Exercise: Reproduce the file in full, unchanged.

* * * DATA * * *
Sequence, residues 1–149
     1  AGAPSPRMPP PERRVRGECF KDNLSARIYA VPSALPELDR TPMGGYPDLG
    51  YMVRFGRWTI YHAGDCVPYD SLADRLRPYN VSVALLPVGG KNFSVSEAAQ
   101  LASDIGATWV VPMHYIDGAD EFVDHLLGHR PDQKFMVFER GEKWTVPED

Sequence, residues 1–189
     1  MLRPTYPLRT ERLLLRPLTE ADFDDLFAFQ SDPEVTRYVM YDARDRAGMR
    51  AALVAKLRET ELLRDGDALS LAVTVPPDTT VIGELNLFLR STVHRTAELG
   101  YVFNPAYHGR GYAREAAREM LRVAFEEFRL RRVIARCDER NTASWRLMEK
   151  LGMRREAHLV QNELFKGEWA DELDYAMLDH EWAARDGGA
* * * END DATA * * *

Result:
Sequence, residues 1–149
     1  AGAPSPRMPP PERRVRGECF KDNLSARIYA VPSALPELDR TPMGGYPDLG
    51  YMVRFGRWTI YHAGDCVPYD SLADRLRPYN VSVALLPVGG KNFSVSEAAQ
   101  LASDIGATWV VPMHYIDGAD EFVDHLLGHR PDQKFMVFER GEKWTVPED

Sequence, residues 1–189
     1  MLRPTYPLRT ERLLLRPLTE ADFDDLFAFQ SDPEVTRYVM YDARDRAGMR
    51  AALVAKLRET ELLRDGDALS LAVTVPPDTT VIGELNLFLR STVHRTAELG
   101  YVFNPAYHGR GYAREAAREM LRVAFEEFRL RRVIARCDER NTASWRLMEK
   151  LGMRREAHLV QNELFKGEWA DELDYAMLDH EWAARDGGA